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Origin and Habitat: Northern Madagascar (Antsiranana district). Euphorbia bulbispina is known only from the summit of Windsor Castle (Bobaomby) and surroundings rocks, although it may also be present on the rocks of the Montagne des Francais, further South. The exact extent of occurrence and area of occupancy is not known but it is likely to be restricted to a very small area, outside any protected areas.
Habitat and Ecology: Euphorbia bulbispina is found in rock cracks on inland cliffs, and mountain peaks. As a point of interest some other succulent plants sharing the limestone cliff faces of Windsor Castle are Pachypodium windsori, Euphorbia aureoviridiflora, Euphorbia viguieri, Aloe suaresensis and others. It is threatened by habitat degradation, fire, collection for the horticultural trade.
Description: Euphorbia bulbispina is a dwarf shrublets to 30 (or more) cm, much branched and spreading to 1 metre and more in diameter. E. bulbispina is part of the large and variable Euphorbia milii group, but it differs from all other varieties by its dwarf growth form and its peculiar branching. While many E. milii forms shows a shrubby or treelike habit, which is to say that they are branched from the base and no main stem can be discerned, E. bulbispina possesses a prominent main stem just in the juvenile stages. Therefore E. bulbispina has the same growth form as the large arborescent coralliform euphorbias of southern Madagascar, only smaller. It was described by Rauh & Razafindratsira. in Euphorbia Journal 7: 31. 1991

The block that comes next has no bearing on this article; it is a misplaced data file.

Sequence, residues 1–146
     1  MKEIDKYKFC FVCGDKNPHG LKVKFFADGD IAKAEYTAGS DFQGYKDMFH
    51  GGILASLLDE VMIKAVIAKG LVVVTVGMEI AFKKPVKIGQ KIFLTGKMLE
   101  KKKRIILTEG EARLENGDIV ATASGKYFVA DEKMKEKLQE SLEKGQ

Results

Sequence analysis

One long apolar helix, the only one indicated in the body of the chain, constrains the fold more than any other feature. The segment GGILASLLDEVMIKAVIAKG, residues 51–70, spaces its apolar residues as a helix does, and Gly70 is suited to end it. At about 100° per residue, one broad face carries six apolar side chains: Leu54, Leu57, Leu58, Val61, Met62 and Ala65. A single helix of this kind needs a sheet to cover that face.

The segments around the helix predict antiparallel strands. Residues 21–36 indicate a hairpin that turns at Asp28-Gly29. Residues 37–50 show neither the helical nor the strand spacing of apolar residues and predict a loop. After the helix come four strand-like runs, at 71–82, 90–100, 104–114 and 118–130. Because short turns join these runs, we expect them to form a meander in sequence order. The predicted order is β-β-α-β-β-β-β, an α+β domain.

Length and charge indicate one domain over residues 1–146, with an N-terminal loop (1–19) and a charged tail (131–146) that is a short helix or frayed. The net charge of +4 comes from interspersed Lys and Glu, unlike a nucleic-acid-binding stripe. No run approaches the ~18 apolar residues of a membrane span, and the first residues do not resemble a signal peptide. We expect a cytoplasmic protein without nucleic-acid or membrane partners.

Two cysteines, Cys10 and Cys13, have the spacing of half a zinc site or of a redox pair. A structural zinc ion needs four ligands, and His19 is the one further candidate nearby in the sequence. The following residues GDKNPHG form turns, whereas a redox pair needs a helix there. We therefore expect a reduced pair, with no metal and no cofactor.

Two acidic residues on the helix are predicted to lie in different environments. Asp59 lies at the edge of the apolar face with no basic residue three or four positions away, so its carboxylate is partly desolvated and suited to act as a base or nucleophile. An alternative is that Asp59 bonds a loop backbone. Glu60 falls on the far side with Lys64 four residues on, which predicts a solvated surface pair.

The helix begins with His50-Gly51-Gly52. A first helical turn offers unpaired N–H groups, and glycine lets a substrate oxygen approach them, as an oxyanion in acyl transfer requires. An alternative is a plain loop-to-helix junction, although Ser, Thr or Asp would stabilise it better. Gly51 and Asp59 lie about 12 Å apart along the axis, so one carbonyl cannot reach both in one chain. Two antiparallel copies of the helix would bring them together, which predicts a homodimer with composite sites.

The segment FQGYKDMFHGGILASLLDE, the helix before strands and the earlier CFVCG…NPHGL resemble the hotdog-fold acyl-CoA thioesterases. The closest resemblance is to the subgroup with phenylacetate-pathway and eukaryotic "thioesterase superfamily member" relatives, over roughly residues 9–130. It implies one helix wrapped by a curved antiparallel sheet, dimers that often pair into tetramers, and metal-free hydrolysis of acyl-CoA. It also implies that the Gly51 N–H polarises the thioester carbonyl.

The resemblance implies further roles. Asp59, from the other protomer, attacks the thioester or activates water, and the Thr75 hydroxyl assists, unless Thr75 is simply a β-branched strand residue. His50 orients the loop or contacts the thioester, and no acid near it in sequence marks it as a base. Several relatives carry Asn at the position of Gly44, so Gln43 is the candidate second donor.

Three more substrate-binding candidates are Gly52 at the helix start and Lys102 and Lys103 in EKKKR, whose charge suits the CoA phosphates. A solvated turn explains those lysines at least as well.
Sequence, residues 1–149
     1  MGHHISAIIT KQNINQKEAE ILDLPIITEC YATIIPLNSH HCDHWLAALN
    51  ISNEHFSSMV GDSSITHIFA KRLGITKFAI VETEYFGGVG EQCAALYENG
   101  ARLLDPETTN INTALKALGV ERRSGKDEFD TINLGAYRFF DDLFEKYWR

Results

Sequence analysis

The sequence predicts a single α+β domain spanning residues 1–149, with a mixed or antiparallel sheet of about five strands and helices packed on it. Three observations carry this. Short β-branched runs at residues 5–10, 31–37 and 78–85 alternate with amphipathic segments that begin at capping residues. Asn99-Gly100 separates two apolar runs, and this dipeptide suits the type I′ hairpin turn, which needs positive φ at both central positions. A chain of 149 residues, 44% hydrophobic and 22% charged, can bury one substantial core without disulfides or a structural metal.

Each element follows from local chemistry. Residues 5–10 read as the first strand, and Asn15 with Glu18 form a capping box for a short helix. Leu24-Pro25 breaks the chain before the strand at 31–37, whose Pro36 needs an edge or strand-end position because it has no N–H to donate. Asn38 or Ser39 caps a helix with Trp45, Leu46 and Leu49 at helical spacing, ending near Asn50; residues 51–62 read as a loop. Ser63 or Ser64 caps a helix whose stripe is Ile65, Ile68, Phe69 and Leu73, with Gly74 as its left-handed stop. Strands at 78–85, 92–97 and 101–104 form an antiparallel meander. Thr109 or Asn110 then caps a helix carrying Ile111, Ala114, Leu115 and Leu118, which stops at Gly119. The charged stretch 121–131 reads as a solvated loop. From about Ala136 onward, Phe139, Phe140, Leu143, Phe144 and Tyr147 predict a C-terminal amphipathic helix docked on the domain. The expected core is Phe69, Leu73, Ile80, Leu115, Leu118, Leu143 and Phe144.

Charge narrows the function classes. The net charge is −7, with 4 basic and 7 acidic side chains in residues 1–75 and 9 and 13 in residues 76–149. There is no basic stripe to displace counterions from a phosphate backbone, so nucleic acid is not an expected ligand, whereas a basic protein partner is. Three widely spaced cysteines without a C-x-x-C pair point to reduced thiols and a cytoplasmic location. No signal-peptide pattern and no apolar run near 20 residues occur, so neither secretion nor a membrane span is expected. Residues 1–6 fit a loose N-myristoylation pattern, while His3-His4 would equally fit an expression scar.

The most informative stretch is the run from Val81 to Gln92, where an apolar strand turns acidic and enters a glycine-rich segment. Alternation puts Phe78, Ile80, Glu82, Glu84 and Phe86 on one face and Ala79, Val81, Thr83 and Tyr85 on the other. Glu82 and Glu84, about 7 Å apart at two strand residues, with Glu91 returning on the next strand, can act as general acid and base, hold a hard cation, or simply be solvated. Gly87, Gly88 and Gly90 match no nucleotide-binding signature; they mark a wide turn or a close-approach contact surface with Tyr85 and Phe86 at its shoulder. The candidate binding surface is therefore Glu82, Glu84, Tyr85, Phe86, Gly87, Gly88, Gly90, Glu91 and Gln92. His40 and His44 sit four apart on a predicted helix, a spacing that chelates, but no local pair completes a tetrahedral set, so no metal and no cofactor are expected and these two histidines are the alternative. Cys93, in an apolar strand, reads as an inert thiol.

Stem: Main stem bulbous, up to 3 cm (or more) in diameter at base with knot of spines where stems branch from. From this axis arise many side branches; the lower ones die off, while the upper ones form a crown and branch in a acrocaulous manner (At or very near the stem tip). These branches are tapered at the base ascending and surpass the apex of the main stem. They are covered whith a thick, dark-brown wax-layer.
*Leaves: Deciduous, mostly arranged to 5 in terminal rosettes, ovate, 17 mm long, 15 mm wide, dull-green, margins reddish, petiole to 3 mm, purplish.
Stipular spine: Single, 5 mm, purplish when young, grey-brown with age, base large, bulbous (hence the specific name).
Inflorescences (cymes). Solitary, simple subterminal each with 2 cyathia, with spreading, cyathophylls that are ovate in shape, 4 x 4 mm, creamy yellow to white. Nectar-gland green.
Flowers (cyathia). Small, 3 mm in diameter. Nectar-gland yellow-green. Ovaries with a short pedicel.
Bibliography: Major references and further lectures
1) Urs Eggli “Illustrated Handbook of Succulent Plants: Dicotyledons” Volume 2. Springer, 2002
2) Haevermans, T. 2004. Euphorbia bulbispina. The IUCN Red List of Threatened Species 2004: e.T44313A10889250. http://dx.doi.org/10.2305/IUCN.UK.2004.RLTS.T44313A10889250.en. Downloaded on 28 December 2016.
3) Rauh, W. “New and little known euphorbias from Madagascar”, Euphorbia Journal, 7: 21--35 1991
4) Rauh, W. “Succulent Euphorbias of northern Madagascar” Collectanea Botanica a Barcinonensi Botanico Instituto Edita, 21: 197—210, 1992
5) Rauh, W. “Succulent and Xerophytic plants of Madagascar”. Vol I. Strawberry Press, Mill Valley. 1995.
6) Russo, L “Euphorbia bulbispina Rauh & Razafindratsira, a fascinating species from Madagascar” Cactus & Co, 4(5): 229—230, 2001
7) Cactus and Succulent Journal, Volume 80, 2008
Euphorbia bulbispina Photo by: © Plantemania
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Cultivation and Propagation: Euphorbia bulbispina is difficult to transplant, contrary to most of the species of the E. milli group it is also difficult to propagate by cuttings.
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